We all know that a child’s development can vary immensely from child to child; it is perhaps not as well known that vision also develops! Example: Most children have not developed the necessary visual skills required for reading until after the age of three. In fact in most cases children are not visually ready to read until well after 5 or 6 years of age. Unfortunately like all skills, for various reasons sometimes there appears to be a delay in the way a child develops their visual skills. These delays can cause problems with a child’s learning ability.
Example: Your child’s vision may be clear enough but they may not have developed the appropriate visual skills for reading. When reading, it is necessary for a child to keep their place along a line of text (tracking skills) as well as keeping the page in focus at the same time (focussing skills). A child with tracking or focussing difficulties is therefore more likely to have difficulty with reading. To read left to right partly requires tracking skills but also involves visual-spatial skills. It is important to understand that reading from left to right is actually a culturally and educationally imposed requirement. In many cultures, reading is vertically arranged or in some cases, is arranged from right to left. A child who has not understood or adequately organised the necessary aspects of visual spatial skills will most likely have difficulty with learning to read.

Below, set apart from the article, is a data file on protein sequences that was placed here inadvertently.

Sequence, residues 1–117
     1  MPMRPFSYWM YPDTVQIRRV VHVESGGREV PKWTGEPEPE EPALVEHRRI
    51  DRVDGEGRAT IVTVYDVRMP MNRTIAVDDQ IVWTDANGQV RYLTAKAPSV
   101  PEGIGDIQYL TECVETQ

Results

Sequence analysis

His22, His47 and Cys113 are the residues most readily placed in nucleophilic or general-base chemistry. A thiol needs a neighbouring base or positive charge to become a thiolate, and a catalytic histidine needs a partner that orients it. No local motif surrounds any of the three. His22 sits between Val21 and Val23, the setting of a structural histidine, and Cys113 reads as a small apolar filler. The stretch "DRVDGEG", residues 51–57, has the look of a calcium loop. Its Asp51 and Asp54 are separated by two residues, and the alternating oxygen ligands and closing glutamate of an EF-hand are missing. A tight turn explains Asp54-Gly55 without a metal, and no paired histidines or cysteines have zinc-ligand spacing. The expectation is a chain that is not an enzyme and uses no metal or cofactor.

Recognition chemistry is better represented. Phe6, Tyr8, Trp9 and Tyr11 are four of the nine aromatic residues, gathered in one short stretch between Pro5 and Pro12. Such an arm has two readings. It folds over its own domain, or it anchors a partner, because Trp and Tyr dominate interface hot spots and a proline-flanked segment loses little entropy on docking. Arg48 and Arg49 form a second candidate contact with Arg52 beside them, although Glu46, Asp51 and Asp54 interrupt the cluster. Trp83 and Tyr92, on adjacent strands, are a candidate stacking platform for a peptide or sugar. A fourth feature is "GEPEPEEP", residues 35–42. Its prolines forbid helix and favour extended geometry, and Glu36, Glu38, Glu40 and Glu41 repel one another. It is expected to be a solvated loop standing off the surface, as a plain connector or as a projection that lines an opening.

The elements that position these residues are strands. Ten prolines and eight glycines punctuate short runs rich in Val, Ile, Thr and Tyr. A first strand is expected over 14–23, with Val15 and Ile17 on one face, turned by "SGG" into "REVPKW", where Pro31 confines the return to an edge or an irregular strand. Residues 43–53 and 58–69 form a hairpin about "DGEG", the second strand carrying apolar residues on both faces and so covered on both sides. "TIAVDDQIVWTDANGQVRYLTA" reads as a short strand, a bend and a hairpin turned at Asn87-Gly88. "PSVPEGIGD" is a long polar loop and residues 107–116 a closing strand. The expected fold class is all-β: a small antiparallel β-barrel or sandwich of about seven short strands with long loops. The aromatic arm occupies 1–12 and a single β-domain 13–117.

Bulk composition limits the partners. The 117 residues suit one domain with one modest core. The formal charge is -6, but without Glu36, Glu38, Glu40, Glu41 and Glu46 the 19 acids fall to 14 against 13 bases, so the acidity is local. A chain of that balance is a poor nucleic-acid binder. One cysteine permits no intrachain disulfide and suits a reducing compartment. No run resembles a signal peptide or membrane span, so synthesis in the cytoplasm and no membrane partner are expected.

The level of demands on visual skills required for reading increases throughout a child’s learning years. Primary visual skills required for early readers are listed below, however there are many more which can be developed or improved with Vision Therapy either as children or adults!
Tracking and Saccades. Scanning from letter to letter, word to word, looking ahead and predicting text, moving from one line to the next.
Visual Memory Skills required for word recognition and copying tasks, for example in writing, spelling and reading.
Short Term Visual Memory Recalling information presented quickly.
Sequencing Knowing what comes first, visually, auditory (sound) and tactile (touch). Recognising the order of number or letters in words. Left to right progression when reading and writing.
Visual Discrimination Recognising subtle visual differences, ie between letters (b/d) and words (was/saw or big/dig), reducing reversals and confusion and thus improving overall recognition.
Focussing Skills The ability to maintain clear focus at a particular point (a word on a page) and the ability to rapidly change focus from one point to another (copying from the board to the book).
Vision Therapy can assist, overcome or minimise some learning difficulties by reducing visual inefficiencies.